Sunday, November 11, 2012

UK: Hornby services China

From the Sun:  Hornby services China

Hornby model train
The train now not arriving ... Hornby's Chinese suppliers are running late

MODEL train maker HORNBY expects to lose at least £1million in Christmas sales because of chaos at a Chinese supplier.

The company shifted all manufacturing to the Far East in the late Nineties to slash costs.
But it was forced yesterday to admit a restructuring at its biggest supplier in the country would delay key Christmas deliveries. Shipments of key model trains — such as a new B17 steam locomotive — will now not arrive until February at the earliest.
Chief exec Frank Martin said: “We now have five alternative suppliers but the level of shipments is being affected.
“It’s going to be some time before more collectable products such as the B17 arrive.”
The issues with supplier SANDA KAN have affected sales in Hornby’s European markets throughout the summer.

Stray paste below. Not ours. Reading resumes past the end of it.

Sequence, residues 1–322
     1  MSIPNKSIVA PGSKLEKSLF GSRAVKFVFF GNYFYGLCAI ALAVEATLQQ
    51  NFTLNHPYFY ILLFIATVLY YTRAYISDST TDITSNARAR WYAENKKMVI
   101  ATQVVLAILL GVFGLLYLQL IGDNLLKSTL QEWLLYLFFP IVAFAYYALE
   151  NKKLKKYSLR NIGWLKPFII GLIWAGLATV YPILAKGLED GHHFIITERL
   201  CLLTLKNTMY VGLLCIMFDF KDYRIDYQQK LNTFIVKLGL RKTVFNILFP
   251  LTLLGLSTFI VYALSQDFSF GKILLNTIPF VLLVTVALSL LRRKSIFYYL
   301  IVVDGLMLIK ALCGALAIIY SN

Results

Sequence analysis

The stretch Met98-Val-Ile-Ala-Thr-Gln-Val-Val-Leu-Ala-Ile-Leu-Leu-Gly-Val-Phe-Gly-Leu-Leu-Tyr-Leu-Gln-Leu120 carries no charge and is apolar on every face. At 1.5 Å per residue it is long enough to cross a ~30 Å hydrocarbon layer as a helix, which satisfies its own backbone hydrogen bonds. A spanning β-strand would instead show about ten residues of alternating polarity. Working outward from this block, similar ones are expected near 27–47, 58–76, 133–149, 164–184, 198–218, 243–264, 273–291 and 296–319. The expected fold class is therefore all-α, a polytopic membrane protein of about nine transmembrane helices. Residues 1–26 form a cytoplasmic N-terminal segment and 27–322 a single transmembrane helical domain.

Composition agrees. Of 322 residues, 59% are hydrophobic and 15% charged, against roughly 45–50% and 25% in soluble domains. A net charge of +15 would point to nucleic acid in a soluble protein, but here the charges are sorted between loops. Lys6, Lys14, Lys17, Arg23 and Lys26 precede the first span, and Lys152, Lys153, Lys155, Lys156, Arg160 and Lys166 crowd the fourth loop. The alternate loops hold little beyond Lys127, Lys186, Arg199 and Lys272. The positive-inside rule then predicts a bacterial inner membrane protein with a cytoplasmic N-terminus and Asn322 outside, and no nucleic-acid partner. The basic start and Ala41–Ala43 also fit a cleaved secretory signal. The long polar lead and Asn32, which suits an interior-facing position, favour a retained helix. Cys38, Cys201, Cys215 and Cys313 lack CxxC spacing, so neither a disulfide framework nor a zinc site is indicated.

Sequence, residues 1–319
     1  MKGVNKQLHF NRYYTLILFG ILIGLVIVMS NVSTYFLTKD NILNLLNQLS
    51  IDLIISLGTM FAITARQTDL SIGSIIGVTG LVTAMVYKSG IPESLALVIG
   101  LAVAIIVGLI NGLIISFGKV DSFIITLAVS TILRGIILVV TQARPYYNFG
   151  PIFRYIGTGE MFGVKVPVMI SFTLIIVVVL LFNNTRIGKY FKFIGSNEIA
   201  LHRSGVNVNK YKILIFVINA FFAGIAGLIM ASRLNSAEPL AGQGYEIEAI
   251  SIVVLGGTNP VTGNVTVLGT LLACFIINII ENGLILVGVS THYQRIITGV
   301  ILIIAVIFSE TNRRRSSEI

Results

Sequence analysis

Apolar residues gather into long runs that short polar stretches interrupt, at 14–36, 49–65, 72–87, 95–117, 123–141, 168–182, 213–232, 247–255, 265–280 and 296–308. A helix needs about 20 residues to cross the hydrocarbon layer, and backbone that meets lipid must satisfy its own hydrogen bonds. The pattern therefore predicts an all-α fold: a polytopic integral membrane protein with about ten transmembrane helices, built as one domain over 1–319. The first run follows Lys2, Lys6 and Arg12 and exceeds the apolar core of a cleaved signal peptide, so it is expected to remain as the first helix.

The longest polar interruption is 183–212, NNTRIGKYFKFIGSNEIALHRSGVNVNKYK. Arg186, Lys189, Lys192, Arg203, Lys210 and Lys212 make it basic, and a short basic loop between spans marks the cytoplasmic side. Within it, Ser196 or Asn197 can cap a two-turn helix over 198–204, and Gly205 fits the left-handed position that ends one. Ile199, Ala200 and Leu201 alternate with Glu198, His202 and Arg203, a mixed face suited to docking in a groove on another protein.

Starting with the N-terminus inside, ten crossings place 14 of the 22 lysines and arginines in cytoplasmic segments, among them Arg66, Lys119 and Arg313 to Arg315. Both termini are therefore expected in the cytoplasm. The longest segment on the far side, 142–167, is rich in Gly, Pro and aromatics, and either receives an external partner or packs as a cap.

Half-year results yesterday showed sales on the Continent plunged by almost a third.
And the group — which also owns SCALEXTRIC and AIRFIX — fell £541,000 into the red in the six months to September. Hornby also shelved its half-year dividend — and was forced to reassure over its finances, revealing BARCLAYS had offered a new bank loan.
But Mr Martin insisted it still did not make sense to bring production back home to Britain.
He said: “Average wages in China have gone up three times in the past seven, eight years — but the minimum wage is still only around £2,000 a year.”
Mr Martin added that Christmas would be tough — and “later” than normal — as customers hold back on presents until the last minute.
He said: “It won’t be the best Christmas we have had in the past five years.”
Yesterday’s warning came just two months after Hornby said full-year profits would be derailed by weaker than expected sales of London 2012 souvenirs.
But Mr Martin insisted shareholders should “not be worried”.
He said: “We have short-term challenges, but we are working through them successfully.”
Matthew Taylor, analyst at NUMIS, said: “Its stable of brands suggests the group should return to profitability in due course.
“But more tangible evidence of stability may be required for the shares to stage a meaningful recovery.”



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